The eyes have it: Dinosaurs hunted by night

The movie Jurassic Park got one thing right: Those velociraptors hunted by night while the big plant-eaters browsed around the clock, according to a new study of the eyes of fossil animals. The study will be published online ...

The eloquence of the otoliths

Fish fossils that are about 23 million years old give unprecedented insight into the evolutionary history of the gobioid order, one of the most species-rich groups among the modern bony fishes.

A new computational method for timing the tree of life

With its deeply embedded roots, sturdy trunk and dense profusion of branches, the Tree of Life is a structure of nearly unfathomable complexity and beauty. While major strides have been made to establish the evolutionary ...

A clearer picture of how assassin bugs evolved

Assassin bugs, so named because these insects lie in ambush for prey that they attack with speed and precision, are found all over the world. Nearly 140 species of these bugs are blood-sucking; because they can bite humans ...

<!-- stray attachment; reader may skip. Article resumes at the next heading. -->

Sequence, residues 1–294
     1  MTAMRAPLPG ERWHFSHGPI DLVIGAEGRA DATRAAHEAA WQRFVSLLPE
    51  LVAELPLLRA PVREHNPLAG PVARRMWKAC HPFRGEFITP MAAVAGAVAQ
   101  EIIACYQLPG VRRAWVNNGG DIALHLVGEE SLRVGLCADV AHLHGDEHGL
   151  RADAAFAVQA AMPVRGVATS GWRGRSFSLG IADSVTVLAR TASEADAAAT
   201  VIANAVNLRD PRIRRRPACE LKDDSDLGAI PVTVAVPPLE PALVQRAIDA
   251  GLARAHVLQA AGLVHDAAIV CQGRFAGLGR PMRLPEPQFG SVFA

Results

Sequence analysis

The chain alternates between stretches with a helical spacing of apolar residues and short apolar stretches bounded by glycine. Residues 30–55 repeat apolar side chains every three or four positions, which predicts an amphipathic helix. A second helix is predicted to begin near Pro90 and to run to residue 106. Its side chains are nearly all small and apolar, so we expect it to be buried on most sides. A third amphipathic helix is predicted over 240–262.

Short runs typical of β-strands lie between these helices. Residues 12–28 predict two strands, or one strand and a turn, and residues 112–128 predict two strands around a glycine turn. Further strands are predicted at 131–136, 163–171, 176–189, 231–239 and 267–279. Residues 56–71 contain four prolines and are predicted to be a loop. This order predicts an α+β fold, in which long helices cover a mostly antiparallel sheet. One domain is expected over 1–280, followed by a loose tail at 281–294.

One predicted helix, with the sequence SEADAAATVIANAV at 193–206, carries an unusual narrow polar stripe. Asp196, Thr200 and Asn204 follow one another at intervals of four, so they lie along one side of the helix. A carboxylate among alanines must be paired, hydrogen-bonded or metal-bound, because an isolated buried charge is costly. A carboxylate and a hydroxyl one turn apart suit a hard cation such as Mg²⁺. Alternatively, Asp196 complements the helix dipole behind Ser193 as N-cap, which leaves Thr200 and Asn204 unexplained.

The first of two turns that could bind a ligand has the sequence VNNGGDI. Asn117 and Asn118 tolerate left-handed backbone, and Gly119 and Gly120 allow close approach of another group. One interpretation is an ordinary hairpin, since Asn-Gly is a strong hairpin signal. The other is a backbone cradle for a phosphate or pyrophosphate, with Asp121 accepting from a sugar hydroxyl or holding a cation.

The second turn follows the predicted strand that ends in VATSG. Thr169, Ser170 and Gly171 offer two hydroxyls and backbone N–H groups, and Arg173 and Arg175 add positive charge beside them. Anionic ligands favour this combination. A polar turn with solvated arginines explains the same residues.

New technique fills gaps in fossil record

University of Pennsylvania evolutionary biologists have resolved a long-standing paleontological problem by reconciling the fossil record of species diversity with modern DNA samples.

Orchids and fungi: An unexpected case of symbiosis

The majority of orchids are found in habitats where light may be a limiting factor. In such habitats it is not surprising that many achlorophyllous (lacking chlorophyll), as well as green, orchids depend on specific mycorrhizal ...

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In biology, phylogenetics (pronounced /faɪlɵdʒɪˈnɛtɪks/) is the study of evolutionary relatedness among groups of organisms (e.g. species, populations), which is discovered through molecular sequencing data and morphological data matrices. The term phylogenetics derives from the Greek terms phyle (φυλή) and phylon (φῦλον), denoting “tribe” and “race”; and the term genetikos (γενετικός), denoting “relative to birth”, from genesis (γένεσις) “birth”.

Taxonomy, the classification, identification, and naming of organisms, is richly informed by phylogenetics, but remains methodologically and logically distinct. The fields of phylogenetics and taxonomy overlap in the science of phylogenetic systematics — one methodology, cladism (also cladistics) shared derived characters (synapomorphies) used to create ancestor-descendant trees (cladograms) and delimit taxa (clades). In biological systematics as a whole, phylogenetic analyses have become essential in researching the evolutionary tree of life.

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